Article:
The flip side of this message is, of course, that glam photos are welcome in this project as well. The point of feminism isn’t to tell women how to be, but rather, as feminist writer K.M. O’Sullivan says, “To put all options on the table.” At their core, selfies put the woman in charge of how she’s seen. Cecily Kellogg, of the blog Uppercase Woman, is a #365feministselfie participant who explains, “I love the way [selfies] share a bit of my daily life… It’s another way of social sharing for me.” The important part about this takeaway is that with selfies we’re in charge of telling our own story and we’re putting ourselves front and center. This is not something that many women do easily.
Perhaps my turn to the #365feministselfie is a way to show myself that I.AM.REAL. That I’m here. That even in the worst moments, or when I’m all alone… I’m still here. I’m showing up. I leave a mark.
Writer Erin Margolin was not a fan of the selfie but is now a #365feministselfie participant. When asked about her change of heart, Margolin explained, “I think my writing off the selfie was an easy way for me to avoid the camera lens turning on me. I don’t much like the way I look. I don’t like being in photographs… Maybe [changing this] begins by turning the camera around… [To] get more comfortable not only being the focus, but also focusing on the invisible me. The behind-the-scenes me. The mother me, the one that keeps this family ticking. Perhaps my turn to the #365feministselfie is a way to show myself that I.AM.REAL. That I’m here. That even in the worst moments, or when I’m all alone… I’m still here. I’m showing up. I leave a mark.”
This shift, this feeling, this movement, is more universal than Margolin realizes. Arreola says, “What I am seeing are people (mostly women, we do have some men participating) who are facing their fears of being in the shot. Women who say they are usually the photographer, not the subject of the photo. Mothers who realize they have few pictures with their children. People who do not fit society’s definition of “beautiful” are smiling into their cameras and saying, “Yes, I am.”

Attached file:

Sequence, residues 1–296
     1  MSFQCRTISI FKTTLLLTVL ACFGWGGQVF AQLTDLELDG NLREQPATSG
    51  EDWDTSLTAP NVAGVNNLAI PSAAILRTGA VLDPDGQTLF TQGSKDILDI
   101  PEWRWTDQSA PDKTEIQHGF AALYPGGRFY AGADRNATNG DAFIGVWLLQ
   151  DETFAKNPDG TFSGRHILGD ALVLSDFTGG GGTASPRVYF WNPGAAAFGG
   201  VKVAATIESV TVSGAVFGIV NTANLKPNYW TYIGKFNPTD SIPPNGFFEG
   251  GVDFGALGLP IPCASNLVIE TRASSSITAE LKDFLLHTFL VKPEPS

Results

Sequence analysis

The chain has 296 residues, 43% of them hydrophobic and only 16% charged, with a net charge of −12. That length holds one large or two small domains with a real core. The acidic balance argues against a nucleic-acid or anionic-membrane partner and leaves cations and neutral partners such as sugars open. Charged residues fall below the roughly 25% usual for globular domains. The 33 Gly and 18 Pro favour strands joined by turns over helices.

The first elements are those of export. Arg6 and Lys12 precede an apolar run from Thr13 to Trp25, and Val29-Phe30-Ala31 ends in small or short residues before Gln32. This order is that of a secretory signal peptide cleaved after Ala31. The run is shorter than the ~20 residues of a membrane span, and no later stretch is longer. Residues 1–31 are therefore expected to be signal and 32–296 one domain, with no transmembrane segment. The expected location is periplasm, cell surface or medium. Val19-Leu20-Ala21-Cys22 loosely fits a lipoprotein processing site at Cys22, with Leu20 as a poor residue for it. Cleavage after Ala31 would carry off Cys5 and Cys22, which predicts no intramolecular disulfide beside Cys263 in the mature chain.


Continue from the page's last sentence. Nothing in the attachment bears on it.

Yes, I am — and you are, too
Owning Yes, I am and I am here is the crux of this project. Jamie Nesbitt Golden and Kate Averett coined #feministselfie in response to Jezebel’s article. Arreola merged #feministselfie with the popular photo a day challenge Project 365 and asked others to join her. This is how #365feministselfie was born and the rest, as they say, is (making) history.
History in the (selfie) making
O’Sullivan — at first unsure of the value of the feminist selfie saying that “women are strong, worthy, beautiful and valuable in ways photos will never capture” and that she’d “hate to see our message shrunk down to a series of 2 x 3 images” — distills this history in the making perfectly by naming this project a part of our collective feminist story.
I just hope they remember feminism means we need not live up to any particular expectations or feminist definitions. Women should move through life knowing they are already remarkable, even without a photo.
She says, “Maybe the #365feministselfie project is but one more way to share the feminist story and the images will be layered in with the words and the protests and the marches, strengthening our cause. Maybe the #365feministselfie project is the way the emerging feminists are finding their voice and I should do as I say and give them room to own their part in feminist history. I just hope they remember feminism means we need not live up to any particular expectations or feminist definitions. Women should move through life knowing they are already remarkable, even without a photo.”
#365feministselfie — are you in?
The #365feministselfie project is only a week old and the invitation to join in is always open. To learn more, read Arreola’s post, #365FeministSelfie — Are you in? and if you’re ready to dive in, check out the #365FeministSelfie group on Flickr or simply post your selfies on Facebook, Twitter or Instagram using the hashtag #365feministselfie.
Share with us!^ Will you be posting feminist selfies? How do you feel about others doing so?